September 1967 Radio-Electronics
[Table of Contents]
Wax nostalgic about and learn from the history of early electronics.
See articles from Radio-Electronics,
published 1930-1988. All copyrights hereby acknowledged.
As one who made in-home
service calls for a few years as an electrician, I can attest to the sometimes strange
scenarios which can be experienced. Most of the time the customers were sane and
cordial, but every once in a while a lunatic answered the door. I always went out
of my way to be accommodating and polite. One of the strangest places was a very
expensive home that had essentially been outfitted as an aviary for various breeds
of parrots. The owner insisted I never open a door or window without her being present.
Bird poop was all over everything - furniture, curtains, kitchen stove and sink.
Yuk. I got out of there as quickly as possible. Being in Annapolis, Maryland, near
water (Chesapeake Bay and tributaries), lots of creepy-crawlies were everywhere,
especially under houses. I can't count the number of times I met with nasty spiders,
bees and wasps, multi-legged whatevers, and snakes whilst working deep inside crawl
spaces and attics - with no expedient means of egress. In the 1970s there were no
high power LED flashlights (or cellphones with a "flashlight" app) that lasted for
hours, just D−cell flashlights with a PR−2 incandescent bulb that varied in brightness
from moment to moment. Panic ensued when all of a sudden the light failed and there
was no perceptible light marking a safe exit path. One old guy was a retired physics
instructor at the U.S. Naval Academy, and he lectured me severely for daring to
drill a couple holes in one of his HVAC ducts for attaching cable clamps. Evidently
the potential for air leakage around the screw threads would impact the efficiency
of his system. One lady called the boss and told him to send an electrician who
didn't have long hair to replace me (those were my pre-USAF days, and my hair was
only shoulder length). Once while wiring up a new oven for a pizza joint in the
downtown area, a chef whose first language was Italian offered me a handful of anchovies,
and got insulted when I refused. I never did know what names from the Old Country
he called me. BTW, I colorized these images.
It Can't Be All Bad
By Phil Prindle
As soon as I unlocked the door of my shop I knew it was going to be one of those
days. The phone was ringing already!
"Good morning, Ernie's TV Repair," I greeted the caller as cheerfully as possible.
Early morning isn't my best time of day and I hadn't had my second cup of coffee.
It was Mrs. Stumpp. She lives about five miles out of town, has six kids that are
really terrors and never pays her previous bill until her set breaks down again.
Glumly I assured her that I'd be out as soon as Charlie showed up to watch the
shop. Charlie's my part-time helper, a crackerjack technician but decidedly not
the punctual type.
While waiting for Charlie to make his appearance I checked my answering service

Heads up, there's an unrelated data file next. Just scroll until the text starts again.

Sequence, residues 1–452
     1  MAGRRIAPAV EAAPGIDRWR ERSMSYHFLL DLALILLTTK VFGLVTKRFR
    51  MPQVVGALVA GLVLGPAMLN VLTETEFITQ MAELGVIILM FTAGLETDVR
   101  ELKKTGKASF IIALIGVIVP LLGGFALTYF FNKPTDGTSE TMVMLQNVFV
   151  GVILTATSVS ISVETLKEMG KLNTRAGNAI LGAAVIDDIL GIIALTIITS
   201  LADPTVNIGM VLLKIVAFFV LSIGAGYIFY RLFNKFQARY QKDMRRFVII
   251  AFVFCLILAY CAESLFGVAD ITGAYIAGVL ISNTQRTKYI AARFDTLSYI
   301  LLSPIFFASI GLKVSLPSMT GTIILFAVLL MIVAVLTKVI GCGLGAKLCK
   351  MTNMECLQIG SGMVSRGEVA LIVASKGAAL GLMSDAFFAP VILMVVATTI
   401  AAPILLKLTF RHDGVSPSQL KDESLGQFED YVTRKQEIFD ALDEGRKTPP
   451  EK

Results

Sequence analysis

to see what other house calls were in store.
Mrs. Whitaker was one. I'd told her six months ago the picture tube was going.
No doubt by this time it was gone for good. Better take one along just in case.
One call was from the school. They wanted me there before noon because six teachers
were planning to have their classes watch Mr. Dan the Mathemagics Man at 1: 30.
I hoped I'd be magician enough to have the set fixed by then!
And finally a call from a Miss Marner. Hmmmmm, might be interesting. Bachelor
that I am, I'm always willing to check out new material providing it's over twenty-one
and under forty! I decided to leave that call for last - just in case it was a complicated
I had to haul off her old TV for nothing.
Drat that Charlie - where the heck was he this morning?
I had just decided to get some bench work done while I waited for Charlie to
come in, when a customer walked in with a portable phonograph. "Can you fix this?"
she asked. "The turntable goes around but there's no sound!"
"We'll try," I smiled, "We'll try." Then my smile faded. "Where did you get this?"
"Oh, I bought it down at the discount store a couple of years ago. They had a
"Ummmm," I said as I searched for a brand name. Just as I thought. One of those
import jobs where it's impossible to find a circuit diagram and if you're lucky
enough to find the trouble it's almost certain you can't get a replacement part.
"We'll look it over," I told the customer after explaining the possible difficulties.
"We'll call you and let you know what we find."
I'll leave that one for Charlie, I decided, if he ever gets here.
I turned back to the workbench to recheck a color set that had been giving us
trouble for a couple of days. It had trouble in the color-sync stage. We'd checked
the sync-phase detector and the reference oscillator, and had tried to find the
trouble with a scope, but so far no luck. Just as I was really getting somewhere
a client came in with a bunch of tubes to check - one of these do-it-yourselfers
who would no doubt end up by bringing the set in anyway. Especially since all the
tubes checked out okay.
Fortunately, Charlie finally showed up. He'd had a flat on the way. I told him
to keep working on the color set and to check out the phonograph.
Storm clouds were gathering as I hopped into my truck. Looks like rain, I thought,
reminding myself I had better get a new windshield wiper blade - no sense driving
the truck into a ditch to go with the other troubles I'd had today.
I bee-lined for the school, which seemed to be the most urgent call. Mrs. Stumpp
and her six kids would just have to go without TV for another hour.
At the school, a secretary led me to the set where I spent forty-five minutes
checking it and finding nothing wrong. Then the principal appeared.
"We had some vandalism here over the weekend," he said. "Now that I think of
it, the antenna looks bent."
Fifteen minutes later we had located the custodian, who provided a ladder. Sure